Faye, talked about how there is a growing movement in art that sees humans as living in a landscape they hadn’t counted on. This landscape is a product of ideas, economics, urban, and spatial planning fuelled by an undercurrent of exploitation of natural resources. She asked us how we can rest easy in this landscape and how can we interrogate it? Faye described how she lets spaces unpack around her over time, as she gets to know different places and make artwork in them. Continue reading
“We stand on the brink of a revolution”, writes Klaus Schwab, Founder and Executive Chairman of the World Economic Forum. A revolution so profound, it will “fundamentally alter the way we live, work and relate to one another. In its scale, scope and complexity this transformation will be unlike anything humankind has ever experienced before.” It may seem like Schwab is overreaching at first, but Adam Lusby, lecturer and Circular Economy Research Fellow at the University of Exeter Business School, says that the Fourth Industrial Revolution is indeed characterised by how new technologies are fusing digital, physical and even biological worlds. “This disruption impacts all disciplines, economies and industries. It will challenge what it even means to be human,” he says.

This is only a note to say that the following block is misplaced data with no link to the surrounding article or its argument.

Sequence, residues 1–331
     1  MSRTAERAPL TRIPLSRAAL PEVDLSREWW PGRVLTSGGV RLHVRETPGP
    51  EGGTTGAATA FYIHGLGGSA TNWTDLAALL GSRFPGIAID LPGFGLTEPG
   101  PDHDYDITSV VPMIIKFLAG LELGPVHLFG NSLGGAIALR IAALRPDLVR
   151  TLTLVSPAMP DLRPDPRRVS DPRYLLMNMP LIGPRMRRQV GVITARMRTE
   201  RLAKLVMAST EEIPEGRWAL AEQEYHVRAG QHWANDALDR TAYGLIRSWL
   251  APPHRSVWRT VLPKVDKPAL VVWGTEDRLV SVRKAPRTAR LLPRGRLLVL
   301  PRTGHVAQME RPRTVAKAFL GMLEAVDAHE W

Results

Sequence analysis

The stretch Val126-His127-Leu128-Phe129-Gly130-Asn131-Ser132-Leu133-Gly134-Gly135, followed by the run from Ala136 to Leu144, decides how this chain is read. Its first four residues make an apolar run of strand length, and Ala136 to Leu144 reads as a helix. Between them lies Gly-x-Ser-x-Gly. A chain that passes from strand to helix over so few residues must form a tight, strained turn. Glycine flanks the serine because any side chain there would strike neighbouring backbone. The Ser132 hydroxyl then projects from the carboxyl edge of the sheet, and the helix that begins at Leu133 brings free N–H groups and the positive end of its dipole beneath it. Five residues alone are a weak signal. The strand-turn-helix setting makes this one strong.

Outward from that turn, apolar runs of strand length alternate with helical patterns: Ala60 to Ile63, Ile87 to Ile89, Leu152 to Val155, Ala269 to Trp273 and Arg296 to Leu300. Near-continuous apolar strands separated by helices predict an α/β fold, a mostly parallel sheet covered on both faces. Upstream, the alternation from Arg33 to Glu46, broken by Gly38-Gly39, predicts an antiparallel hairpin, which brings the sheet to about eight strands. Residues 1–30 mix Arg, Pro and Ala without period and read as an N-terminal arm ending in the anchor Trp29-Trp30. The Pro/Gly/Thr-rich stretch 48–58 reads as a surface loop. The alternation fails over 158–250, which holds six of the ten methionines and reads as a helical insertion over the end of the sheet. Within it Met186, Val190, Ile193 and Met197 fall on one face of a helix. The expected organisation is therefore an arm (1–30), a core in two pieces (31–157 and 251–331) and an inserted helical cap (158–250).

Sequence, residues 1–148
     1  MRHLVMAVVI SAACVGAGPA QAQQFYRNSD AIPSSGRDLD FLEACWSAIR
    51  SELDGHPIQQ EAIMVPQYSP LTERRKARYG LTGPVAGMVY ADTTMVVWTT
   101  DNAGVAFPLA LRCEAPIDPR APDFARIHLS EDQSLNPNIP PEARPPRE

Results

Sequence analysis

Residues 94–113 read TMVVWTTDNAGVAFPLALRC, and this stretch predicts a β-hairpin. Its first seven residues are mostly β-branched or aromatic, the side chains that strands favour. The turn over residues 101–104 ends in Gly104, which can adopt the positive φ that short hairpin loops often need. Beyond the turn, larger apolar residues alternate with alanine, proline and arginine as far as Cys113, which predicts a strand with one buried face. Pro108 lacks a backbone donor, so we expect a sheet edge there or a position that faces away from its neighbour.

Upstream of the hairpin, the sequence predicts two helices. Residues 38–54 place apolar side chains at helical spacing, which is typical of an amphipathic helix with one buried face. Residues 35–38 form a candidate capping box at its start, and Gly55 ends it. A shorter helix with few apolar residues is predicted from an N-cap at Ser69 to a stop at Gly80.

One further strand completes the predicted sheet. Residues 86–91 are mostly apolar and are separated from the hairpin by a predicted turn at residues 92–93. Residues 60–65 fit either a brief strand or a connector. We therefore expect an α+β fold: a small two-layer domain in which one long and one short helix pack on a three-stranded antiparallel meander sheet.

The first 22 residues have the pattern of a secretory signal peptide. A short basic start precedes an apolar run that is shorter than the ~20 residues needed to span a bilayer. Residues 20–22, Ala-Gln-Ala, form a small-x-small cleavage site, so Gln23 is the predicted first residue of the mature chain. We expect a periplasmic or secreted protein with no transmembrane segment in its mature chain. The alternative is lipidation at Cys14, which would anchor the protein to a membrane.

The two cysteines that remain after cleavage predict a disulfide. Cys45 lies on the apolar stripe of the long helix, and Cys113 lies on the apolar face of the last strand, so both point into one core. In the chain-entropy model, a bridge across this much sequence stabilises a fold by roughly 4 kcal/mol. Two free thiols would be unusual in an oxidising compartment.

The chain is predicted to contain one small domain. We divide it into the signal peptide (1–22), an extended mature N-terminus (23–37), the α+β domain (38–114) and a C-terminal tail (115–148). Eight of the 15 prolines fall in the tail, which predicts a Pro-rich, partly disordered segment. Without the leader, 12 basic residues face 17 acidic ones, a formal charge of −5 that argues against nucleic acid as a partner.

In the intense, four-day module appropriately titled “Leading in the 4th Industrial Revolution,” Adam, the module’s creator and lead, covers everything from Artificial Intelligence, robotics, digital manufacturing, blockchain, cloud computing, mixed reality, augmented reality and much more. The standard model of a module was also flipped. Instead students have the preceding weeks to first immerse themselves into online content, watch videos, complete assignments and even produce videos of their own. Only at the end of a five week lead in, the cohort gathers for a four-day “living lab” of hacking and immersion in technology including Raspberry Pis, NodeRed, and BlueMix from IBM.